Which Joe gave his name to ‘sloppy joes’? We look at five interesting sandwiches and their lexical origins.
(in pottery) a hard glaze with a pitted surface, produced on stoneware by adding salt to the kiln during firing.
- ‘The chemical affinity between body and salt glaze resulted in a remarkably durable, naturally white colored ware.’
- ‘It was made from a mixture of clay and 20 per cent ground flint, with a salt glaze, and was a typical product of the Staffordshire industry.’
- ‘When the heat was at its maximum a bucket of coarse salt was thrown into the kiln, where it vaporized, covering all exposed surfaces with a shiny and somewhat pitted or pebbled finish referred to as salt glaze.’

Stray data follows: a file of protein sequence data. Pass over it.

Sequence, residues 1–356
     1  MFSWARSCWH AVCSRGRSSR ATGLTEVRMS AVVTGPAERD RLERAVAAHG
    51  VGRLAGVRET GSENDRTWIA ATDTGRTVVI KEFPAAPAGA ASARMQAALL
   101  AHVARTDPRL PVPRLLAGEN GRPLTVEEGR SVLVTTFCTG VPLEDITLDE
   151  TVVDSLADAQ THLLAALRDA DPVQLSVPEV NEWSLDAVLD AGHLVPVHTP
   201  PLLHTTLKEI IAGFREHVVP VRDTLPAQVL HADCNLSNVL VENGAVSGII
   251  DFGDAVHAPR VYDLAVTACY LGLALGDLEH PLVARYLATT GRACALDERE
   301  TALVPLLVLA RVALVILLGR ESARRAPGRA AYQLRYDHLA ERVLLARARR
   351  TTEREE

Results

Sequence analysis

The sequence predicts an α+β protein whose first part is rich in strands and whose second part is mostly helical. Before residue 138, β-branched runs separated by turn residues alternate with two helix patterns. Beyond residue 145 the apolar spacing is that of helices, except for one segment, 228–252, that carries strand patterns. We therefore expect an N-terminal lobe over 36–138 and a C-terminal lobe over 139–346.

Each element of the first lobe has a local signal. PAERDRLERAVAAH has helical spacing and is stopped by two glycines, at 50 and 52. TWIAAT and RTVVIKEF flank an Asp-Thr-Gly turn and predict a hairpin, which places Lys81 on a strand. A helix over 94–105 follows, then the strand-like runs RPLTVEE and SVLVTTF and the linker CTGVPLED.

- ‘While the thin salt glaze conformed closely to intricate designs, the transparent lead glaze tended to pool in the interstices of the molded patterns.’
We take a look at several popular, though confusing, punctuation marks.
From Afghanistan to Zimbabwe, discover surprising and intriguing language facts from around the globe.
The definitions of ‘buddy’ and ‘bro’ in the OED have recently been revised. We explore their history and increase in popularity.